But then, perhaps the Yasmin in the mini-skirt may in fact have a greater degree of faith in her heart than Dr Ali could even dream of. Perhaps the same Fatima prays regularly when she can. Perhaps God hears her prayers and not those of her accusers.

And why should the reality of Muslim dress surprise anyone? Many Muslim Australians have been part of the mainstream since the 1960’s (especially Turks and some Lebanese), and some since the end of the Second World War (Bosnians and Albanians).

And these Muslim girls who follow the latest fads and fashions are just as Muslim as anyone else. I used to have trouble getting up before sunrise to say the morning prayer (I still do). I asked my Muslim friend who works behind a bar. She suggested that when my alarm clock goes off, I sit up in bed and meditate. Sure enough it worked. So now in the Muslim scheme of things, she is getting rewarded by God for all my morning prayers.

Islam is not just a function of what you wear. It is a function of what you believe and how you behave with others. My barmaid friend’s miniskirts don’t bother me. But her advice and wisdom are a blessing in my life.

Muslim leaders should stop trying to act like Sophie Panopoulos and Bronwyn Bishop and let Muslim women dress as they please. Instead of lecturing Michelle Leslie, they should consider campaigning on more pressing issues such as the massive increase in domestic violence across all Australian communities.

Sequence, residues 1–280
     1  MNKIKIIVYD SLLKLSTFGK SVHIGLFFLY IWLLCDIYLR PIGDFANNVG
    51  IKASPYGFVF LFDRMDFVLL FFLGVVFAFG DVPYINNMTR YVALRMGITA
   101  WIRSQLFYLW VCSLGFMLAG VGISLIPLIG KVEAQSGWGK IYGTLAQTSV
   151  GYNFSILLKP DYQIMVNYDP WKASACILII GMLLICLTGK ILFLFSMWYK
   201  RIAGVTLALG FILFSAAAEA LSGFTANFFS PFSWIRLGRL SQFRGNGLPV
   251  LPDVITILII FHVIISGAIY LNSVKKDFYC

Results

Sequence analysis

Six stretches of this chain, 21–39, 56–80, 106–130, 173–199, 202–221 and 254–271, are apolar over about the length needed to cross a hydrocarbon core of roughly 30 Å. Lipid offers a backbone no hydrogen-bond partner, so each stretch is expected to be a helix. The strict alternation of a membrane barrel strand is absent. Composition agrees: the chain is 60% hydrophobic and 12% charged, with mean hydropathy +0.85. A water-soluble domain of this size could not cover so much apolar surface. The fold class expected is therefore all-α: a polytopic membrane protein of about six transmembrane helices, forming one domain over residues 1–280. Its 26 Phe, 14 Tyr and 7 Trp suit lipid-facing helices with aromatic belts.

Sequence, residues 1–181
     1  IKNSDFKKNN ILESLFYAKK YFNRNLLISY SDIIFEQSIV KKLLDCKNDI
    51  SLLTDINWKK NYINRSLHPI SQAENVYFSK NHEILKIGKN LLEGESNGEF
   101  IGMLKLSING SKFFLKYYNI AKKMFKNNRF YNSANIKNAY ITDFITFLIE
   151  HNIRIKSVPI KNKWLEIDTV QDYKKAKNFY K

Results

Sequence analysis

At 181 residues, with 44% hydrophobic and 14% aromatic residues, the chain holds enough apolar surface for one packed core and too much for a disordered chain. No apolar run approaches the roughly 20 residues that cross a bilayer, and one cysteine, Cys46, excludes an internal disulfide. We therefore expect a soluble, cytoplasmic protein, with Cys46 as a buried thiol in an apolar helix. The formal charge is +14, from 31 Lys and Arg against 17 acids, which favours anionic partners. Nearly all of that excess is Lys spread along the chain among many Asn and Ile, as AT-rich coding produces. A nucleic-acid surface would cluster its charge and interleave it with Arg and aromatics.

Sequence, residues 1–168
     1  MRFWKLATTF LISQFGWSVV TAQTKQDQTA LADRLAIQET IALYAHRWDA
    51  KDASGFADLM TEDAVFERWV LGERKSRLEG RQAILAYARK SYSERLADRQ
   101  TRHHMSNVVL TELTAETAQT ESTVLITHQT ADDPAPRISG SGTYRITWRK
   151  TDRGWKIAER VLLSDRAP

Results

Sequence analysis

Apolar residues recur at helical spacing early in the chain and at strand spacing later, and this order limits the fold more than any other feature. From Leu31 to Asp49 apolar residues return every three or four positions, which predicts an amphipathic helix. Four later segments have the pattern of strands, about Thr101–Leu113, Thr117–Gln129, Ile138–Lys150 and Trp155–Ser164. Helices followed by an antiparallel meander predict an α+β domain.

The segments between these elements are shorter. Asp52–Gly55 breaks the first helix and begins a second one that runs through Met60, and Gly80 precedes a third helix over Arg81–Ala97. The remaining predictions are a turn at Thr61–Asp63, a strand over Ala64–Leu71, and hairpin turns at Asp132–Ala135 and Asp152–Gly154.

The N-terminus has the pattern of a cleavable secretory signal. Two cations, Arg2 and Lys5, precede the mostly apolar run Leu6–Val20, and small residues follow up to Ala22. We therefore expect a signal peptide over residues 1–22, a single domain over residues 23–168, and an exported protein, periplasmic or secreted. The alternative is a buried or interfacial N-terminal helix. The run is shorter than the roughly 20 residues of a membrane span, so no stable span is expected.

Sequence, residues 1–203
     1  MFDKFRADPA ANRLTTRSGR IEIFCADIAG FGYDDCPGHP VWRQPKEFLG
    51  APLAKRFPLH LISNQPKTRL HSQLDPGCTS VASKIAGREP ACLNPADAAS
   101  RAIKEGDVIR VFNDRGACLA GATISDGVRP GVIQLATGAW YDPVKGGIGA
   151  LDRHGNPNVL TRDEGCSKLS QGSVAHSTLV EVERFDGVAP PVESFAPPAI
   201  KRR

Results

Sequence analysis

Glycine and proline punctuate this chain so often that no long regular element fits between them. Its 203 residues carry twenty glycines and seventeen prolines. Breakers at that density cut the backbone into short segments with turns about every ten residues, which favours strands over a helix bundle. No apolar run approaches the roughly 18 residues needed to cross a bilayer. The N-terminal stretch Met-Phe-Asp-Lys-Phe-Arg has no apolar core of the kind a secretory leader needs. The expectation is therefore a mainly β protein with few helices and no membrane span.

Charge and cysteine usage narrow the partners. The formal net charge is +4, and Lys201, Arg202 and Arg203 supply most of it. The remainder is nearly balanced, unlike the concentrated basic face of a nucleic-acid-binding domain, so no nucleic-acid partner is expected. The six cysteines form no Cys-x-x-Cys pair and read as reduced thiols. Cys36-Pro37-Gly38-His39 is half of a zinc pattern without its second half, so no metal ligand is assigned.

Last Friday was my mum’s birthday. It was also White Ribbon Day, the UN’s designated International Day for the Elimination of Violence Against Women. On this day, men wear a white ribbon to signify their refusal to sit back and tolerate when other men are abusive and violent to women.

Perhaps more Muslim leaders and imams could have led by example. Perhaps more Sydney imams could have devoted their Friday sermons to reminding their congregation of the severe divine punishment that await men who are abusive to their mothers, wives, sisters and daughters.

Perhaps those same imams can still wear white ribbons to show that they are far removed from that small minority of Muslim men who claim physical and sexual assault is part of their religious culture. Certainly these steps would make more sense than giving Michelle Leslie and her family a hard time.

The author is a Sydney lawyer and an ambassador for 2005 UNIFEM White Ribbon Day campaign.

© Irfan Yusuf 2005

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Edward Mariyani-Squire said...

Hear, all ye good people, hear what the brilliant and eloquent speaker has to say!

Respect to the Irf ! said...

Right on Bro !

Us "reverts" (a wanker fundamentalist phrase - it is "converts") are fed up with the utter crap that these sons of bitches in the AFIC deficate onto us ! Fuck the AFIC - No wonder I never go to mosque ! The AFIC stance is become a unthinking amoral arsehole like us or get out... I choose, GET OUT !
I love Islam, but the AFIC is a
corrupt mindless vucuum of double standards and brown-nosing.

dawood said...

I agree... i thought it was mindless.